One person can make a difference and everyone must try. – John F. Kennedy
(photo right: from Temple IV in Star Wars IV: A New Hope)
The last time I awoke to an alarm close to 4am was almost ten days ago. I could never have imagined how exciting and liberating life has been in the past week as doors continue to open with the wonderful people and experiences I feel blessed to share in. I’m also beginning to grow accustom to sharing the space in which I sleep and a bathroom after living alone for so long. I thought I would miss my spacious 4-bedroom, 3-bathroom home that I spent the past nine years making my own, but ironically, I have been more concerned with living out the life that I feel I was meant to lead–awaking each day with new experiences to embrace, that exist outside of the realm of routine. I feel as though I am truly living life free. I so badly wish I could share this feeling with everyone I know, and even those that I don’t. It is the most incredible feeling to awake with practically endless possibilities. While I am hopeful to visit every country in Central America, I also have the wonderful knowledge that within a days flight I can wake up in Thailand, Brazil, Kenya, Turkey, New Zealand, and the list remains endless. Having no plan, no specific route, and no timeline of when this incredible journey may come to an end, my previous life focus has shifted from money and materialism to living for change–a change within me that continues daily and hopefully encouraging change and affecting other people’s lives that I have the opportunity to encounter.
Despite all of the advertising of viewing the sunrise in Tikal by departing Flores at 4:30am, sadly, this is not the case. If you have this desire I suggest camping out in Tikal, and, I was told this same day from a group that did this, they bribed the guards to gain access before visitors were technically allowed in the park where they climbed to the top of one of the temples as the moon was still overhead and through the rising mist of the jungle they were present as the sunlight reclaimed the sky from the darkness. Since we do not have the opportunity to share in this same monumental experience, we feel that some breakfast would be a wise decision before entering the park as some walks between the temples are as much as twenty-five minutes long. A delicious and healthy option in the form of a ham and cheese sandwich on white bread with a cup of coffee is how we all started out the day. The only meal offered for visitors climbing out of the shuttles.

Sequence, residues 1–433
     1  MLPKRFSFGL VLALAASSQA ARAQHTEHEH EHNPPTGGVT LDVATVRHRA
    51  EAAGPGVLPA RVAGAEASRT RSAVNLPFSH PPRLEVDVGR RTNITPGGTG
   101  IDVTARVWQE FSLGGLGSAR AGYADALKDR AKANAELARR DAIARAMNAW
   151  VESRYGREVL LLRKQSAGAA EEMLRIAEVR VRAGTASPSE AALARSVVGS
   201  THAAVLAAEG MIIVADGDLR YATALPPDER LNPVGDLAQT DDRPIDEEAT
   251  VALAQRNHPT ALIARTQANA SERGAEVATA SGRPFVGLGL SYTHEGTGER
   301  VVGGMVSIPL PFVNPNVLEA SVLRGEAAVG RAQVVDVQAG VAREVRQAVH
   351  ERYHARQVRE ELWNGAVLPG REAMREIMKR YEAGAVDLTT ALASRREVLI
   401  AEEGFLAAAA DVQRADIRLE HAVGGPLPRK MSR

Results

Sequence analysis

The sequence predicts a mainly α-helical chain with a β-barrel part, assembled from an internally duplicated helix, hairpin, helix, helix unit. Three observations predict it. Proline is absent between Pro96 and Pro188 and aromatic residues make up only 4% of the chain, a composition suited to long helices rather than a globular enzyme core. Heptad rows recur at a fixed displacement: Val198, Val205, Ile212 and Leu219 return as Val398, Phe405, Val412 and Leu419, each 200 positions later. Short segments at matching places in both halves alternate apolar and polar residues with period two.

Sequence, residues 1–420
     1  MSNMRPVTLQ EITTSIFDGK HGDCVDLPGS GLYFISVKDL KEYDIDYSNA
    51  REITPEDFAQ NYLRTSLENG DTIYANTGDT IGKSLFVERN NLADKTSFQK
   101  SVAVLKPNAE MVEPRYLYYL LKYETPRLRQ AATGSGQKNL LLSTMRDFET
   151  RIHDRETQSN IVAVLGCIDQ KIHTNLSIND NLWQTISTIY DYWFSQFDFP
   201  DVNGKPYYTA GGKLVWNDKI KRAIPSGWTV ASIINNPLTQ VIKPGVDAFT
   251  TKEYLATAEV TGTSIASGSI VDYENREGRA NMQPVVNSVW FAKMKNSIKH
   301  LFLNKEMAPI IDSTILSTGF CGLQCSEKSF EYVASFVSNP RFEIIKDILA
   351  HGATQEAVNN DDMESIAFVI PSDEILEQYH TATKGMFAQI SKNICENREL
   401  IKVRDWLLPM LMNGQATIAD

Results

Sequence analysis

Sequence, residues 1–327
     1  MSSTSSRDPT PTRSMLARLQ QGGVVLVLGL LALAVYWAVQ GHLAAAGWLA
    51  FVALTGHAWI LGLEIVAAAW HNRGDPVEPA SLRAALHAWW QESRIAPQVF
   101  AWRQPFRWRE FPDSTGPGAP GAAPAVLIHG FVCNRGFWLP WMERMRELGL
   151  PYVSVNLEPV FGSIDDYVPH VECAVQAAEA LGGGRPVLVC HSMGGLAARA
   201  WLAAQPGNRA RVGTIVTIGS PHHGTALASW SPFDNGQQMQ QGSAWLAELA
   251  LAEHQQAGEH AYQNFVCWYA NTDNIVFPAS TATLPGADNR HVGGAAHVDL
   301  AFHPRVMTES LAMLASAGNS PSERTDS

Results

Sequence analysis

Just after placing our order, like Noah’s ark, two by two the others begin arriving, heat exhausted and famished. The first shuttle arrives at noon, which is an hour after we finish eating, giving us the opportunity to relax a bit. The itis from the self-inflicted food coma is beginning to settle in, and all I can picture is sleeping the entire ride back to Flores. After securing a single-person seat across the aisle from Char that looks perfect to rest my head against the window, a cute blonde makes her way to the back of the bus and occupies the empty seat across from me. Sleep is now the last thing on my mind as the conversation erupts between us the minute she mentions that she has been traveling for the past two years straight, with no end in sight. Infatuated with her story, paired with the hint of an Australian accent, I ask most of the questions as I could listen to her talk all day. Often, Tim would join in the conversation, but I think we were both content with hearing more of what she had to say. After more than an hour of our conversation, that felt like minutes, we are in Santa Elena and she is running off the bus.
If you haven’t noticed, I am writing from weeks behind since I have painfully neglected my journaling, not wanting to miss out on any of the experiences I was sharing in while we had our group of six, better known as Team Cojones. I am frantically typing, in an attempt to preserve these memories, while they are still fresh in my mind, and even as I sit her now in Poptun, I relish in all of the laughs and truly meaningful conversations I’ve had through this current entry. Now that it’s been several days since walking the ruins of Tikal and writing this journal entry, I am reminded of what I was able to do for Luis more than this historic site. I know that when I talk about memories that I will carry with me for the rest of my life this is one of them. Our last day I was also able to help set him up with his first email address and even a Facebook page, which he could not be more excited about. All of the things we often take for granted and how technology has become the driving force for communication–uniting the globe–has now opened a new horizon for a small kid in Flores, Guatemala. This is what I meant when I said, living for change–a change within me that continues daily and hopefully encouraging change and affecting other people’s lives that I have the opportunity to encounter.